March 27, 2015 - December 31, 2017
Bob Dylan bucked executives at his record label and surprised fans when he came to Nashville in 1966 to record his classic album Blonde on Blonde. Calling on some of the city’s extraordinary studio musicians, Dylan’s embrace of Nashville inspired many other artists to follow him to Music City. By 1969, Johnny Cash was recruiting folk and rock musicians—including Dylan—to appear on his groundbreaking network television show, The Johnny Cash Show, shot at the Ryman Auditorium.
LEARN MORE ABOUT BOB DYLAN, JOHNNY CASH, AND THE NASHVILLE CATS
Dylan, Cash, and the Nashville Cats: A New Music City, which has been extended through 2017, looks at the Nashville music scene in the late 1960s and early 1970s, a time of great cultural vitality for Music City that continues to energize fans and musicians alike.
As an ongoing part of the Museum’s Nashville Cats Program, Old Crow Medicine Show recently performed Dylan’s double album Blonde on Blonde at the Museum’s CMA Theater, where a sold-out crowd enjoyed the Nashville-based stringband’s renditions on Dylan’s iconic songs. During the set, Ketch Secor, singer and bandleader of Old Crow, lauded Dylan, telling the audience, “[Bob Dylan] has informed every songwriter in our city. He is at the heart of what Nashville is all about.”
Dylan’s influence continues today and extends well beyond Nashville, as he inspires a new generation with his music as well as his lyrics. This past year he was awarded the 2016 Nobel Prize in Literature, making Dylan the first musician to win the prestigious literary prize.
Co-curated by the museum’s curatorial team and Pete Finney, Dylan, Cash, and the Nashville Cats: A New Music City, includes dozens of artifacts and a generous overlay of audiovisual treasures, including hundreds of archival photos, audio and video clips, as well as a series of listening booths throughout the exhibit, each devoted to a Nashville Cat. From Dylan’s storied Nashville sessions to the particulars of his friendship with Johnny Cash, who worked to bridge the cultural gap between the city’s old guard and the musical outsiders who came to town in Dylan’s wake, the exhibit presents a time of supercharged creativity. It was an incredible period for Nashville songwriters such as Kris Kristofferson, Mickey Newbury, John Hartford, and numerous others who innovated their approach to their craft and ushered in a new era in Music City.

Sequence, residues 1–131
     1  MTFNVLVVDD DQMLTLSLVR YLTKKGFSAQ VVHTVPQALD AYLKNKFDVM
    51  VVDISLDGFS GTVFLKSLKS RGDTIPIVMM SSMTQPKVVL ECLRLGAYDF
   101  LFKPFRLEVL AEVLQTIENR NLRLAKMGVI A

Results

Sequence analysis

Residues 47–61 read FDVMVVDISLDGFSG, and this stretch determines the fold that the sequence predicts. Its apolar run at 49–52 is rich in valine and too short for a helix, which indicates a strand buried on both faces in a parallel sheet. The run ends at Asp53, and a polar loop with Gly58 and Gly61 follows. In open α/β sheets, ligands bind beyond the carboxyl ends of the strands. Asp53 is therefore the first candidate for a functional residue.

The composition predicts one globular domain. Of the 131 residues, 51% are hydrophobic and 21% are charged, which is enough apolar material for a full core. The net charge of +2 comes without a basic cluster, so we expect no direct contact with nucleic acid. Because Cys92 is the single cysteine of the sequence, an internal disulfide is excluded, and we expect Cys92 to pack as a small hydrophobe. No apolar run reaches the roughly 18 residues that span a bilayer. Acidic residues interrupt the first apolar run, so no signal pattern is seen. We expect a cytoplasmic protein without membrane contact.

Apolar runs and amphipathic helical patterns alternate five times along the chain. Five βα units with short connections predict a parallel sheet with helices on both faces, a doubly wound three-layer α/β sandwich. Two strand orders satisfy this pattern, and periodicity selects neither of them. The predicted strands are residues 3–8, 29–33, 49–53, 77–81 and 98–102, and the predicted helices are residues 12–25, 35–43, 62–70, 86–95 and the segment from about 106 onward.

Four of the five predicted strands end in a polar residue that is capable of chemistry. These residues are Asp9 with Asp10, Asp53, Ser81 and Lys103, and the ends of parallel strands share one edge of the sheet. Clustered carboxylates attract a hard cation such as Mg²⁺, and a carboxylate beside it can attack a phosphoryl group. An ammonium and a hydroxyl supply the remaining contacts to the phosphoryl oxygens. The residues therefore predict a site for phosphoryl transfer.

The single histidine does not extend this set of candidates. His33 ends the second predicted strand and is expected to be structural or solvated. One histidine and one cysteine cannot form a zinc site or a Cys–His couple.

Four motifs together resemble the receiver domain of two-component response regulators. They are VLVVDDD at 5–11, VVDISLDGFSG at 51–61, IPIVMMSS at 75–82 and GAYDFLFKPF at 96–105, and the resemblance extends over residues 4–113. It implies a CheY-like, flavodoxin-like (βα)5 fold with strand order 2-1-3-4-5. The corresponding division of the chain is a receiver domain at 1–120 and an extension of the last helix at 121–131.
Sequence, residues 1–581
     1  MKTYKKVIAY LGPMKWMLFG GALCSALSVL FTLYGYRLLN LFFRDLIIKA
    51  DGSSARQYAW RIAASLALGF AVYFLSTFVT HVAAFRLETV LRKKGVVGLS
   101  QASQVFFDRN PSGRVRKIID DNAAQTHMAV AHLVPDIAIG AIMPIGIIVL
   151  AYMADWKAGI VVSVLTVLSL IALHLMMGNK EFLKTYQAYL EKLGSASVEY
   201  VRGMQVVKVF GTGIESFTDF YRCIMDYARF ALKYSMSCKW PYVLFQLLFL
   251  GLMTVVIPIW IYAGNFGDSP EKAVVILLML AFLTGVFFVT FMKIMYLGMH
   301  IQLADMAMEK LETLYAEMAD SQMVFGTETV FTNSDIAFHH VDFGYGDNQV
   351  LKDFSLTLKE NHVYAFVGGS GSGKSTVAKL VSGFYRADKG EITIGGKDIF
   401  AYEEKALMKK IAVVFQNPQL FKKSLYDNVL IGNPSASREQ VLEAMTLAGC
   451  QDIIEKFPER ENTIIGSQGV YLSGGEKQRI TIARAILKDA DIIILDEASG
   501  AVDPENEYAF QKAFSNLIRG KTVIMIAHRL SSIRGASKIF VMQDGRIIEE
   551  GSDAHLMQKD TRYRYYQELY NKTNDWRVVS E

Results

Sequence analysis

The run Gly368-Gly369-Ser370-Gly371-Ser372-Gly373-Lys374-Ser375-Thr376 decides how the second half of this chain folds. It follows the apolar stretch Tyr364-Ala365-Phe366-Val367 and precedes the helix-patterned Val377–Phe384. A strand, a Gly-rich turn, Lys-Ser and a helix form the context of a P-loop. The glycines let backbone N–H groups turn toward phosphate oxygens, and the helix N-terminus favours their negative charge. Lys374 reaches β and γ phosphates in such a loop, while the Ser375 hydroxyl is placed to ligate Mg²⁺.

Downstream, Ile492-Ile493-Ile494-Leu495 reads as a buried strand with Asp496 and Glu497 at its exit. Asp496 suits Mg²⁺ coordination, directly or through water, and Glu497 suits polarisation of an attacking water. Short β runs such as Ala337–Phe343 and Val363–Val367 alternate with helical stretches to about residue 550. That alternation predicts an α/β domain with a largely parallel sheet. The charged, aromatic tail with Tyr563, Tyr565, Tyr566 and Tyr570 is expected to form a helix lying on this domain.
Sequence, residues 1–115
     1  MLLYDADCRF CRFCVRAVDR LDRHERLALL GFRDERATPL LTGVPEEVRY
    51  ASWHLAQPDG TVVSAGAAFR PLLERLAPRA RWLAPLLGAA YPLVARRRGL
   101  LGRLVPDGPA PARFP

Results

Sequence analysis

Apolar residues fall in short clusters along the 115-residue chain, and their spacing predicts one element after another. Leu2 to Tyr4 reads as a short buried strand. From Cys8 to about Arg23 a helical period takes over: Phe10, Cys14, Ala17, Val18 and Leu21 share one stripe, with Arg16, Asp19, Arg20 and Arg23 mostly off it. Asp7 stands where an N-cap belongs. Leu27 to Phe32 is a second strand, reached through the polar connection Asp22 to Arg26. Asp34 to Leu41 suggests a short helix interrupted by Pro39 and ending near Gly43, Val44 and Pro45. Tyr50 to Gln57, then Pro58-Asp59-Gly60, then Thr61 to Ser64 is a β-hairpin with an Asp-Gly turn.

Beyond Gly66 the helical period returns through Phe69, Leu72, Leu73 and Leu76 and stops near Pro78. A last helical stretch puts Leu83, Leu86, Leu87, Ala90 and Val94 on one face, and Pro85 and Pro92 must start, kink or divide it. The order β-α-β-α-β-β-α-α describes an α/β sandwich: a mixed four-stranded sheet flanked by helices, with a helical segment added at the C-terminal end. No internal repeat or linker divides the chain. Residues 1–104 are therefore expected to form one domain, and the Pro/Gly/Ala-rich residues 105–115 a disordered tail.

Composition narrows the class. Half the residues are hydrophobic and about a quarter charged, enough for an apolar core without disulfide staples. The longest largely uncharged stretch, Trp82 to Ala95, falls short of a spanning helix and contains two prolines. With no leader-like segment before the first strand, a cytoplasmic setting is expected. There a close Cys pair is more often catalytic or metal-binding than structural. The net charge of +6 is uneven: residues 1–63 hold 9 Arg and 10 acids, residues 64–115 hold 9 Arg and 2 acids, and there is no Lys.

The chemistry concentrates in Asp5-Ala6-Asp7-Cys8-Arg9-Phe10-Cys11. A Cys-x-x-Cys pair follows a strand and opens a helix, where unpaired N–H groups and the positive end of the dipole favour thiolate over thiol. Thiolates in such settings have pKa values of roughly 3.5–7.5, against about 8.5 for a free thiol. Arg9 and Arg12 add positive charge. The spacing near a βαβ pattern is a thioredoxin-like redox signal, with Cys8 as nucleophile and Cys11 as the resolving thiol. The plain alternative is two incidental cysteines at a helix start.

Visit the museum and experience the complete story.
WATCH EXHIBIT-RELATED VIDEOS
Dylan, Cash, And The Nashville Cats Album Release Concert
To celebrate the release of Dylan, Cash, and the Nashville Cats: A New Music City, a two-disc audio companion to the exhibition of the same name, the Country Music Hall of Fame ® and Museum hosted a free concert on 5th Avenue South, between Demonbreun Street and Korean Veterans Boulevard.READ MORE
Old Crow Medicine Show Plays Blonde on Blonde
The seven members of Old Crow Medicine Show paraded onstage like a dissolute yet determined marching band, complete with an upright bass drum pounded by mallets, as they woozily slid into Bob Dylan’s “Rainy Day Women #12 & 35.” The musical introduction ...READ MORE
Album Featuring an Unreleased Bob Dylan Track Now Available
This exhibition companion double CD, produced by Legacy Recordings in association with CMF Records, includes an unreleased Dylan track and celebrates the compelling music made by the Nashville Cats in support of the artists drawn to Nashville by Dylan’s example and by the reputation of the city’s talented pickers. Listen to the album Dylan, Cash, and the Nashville Cats with commentary from Charlie Daniels: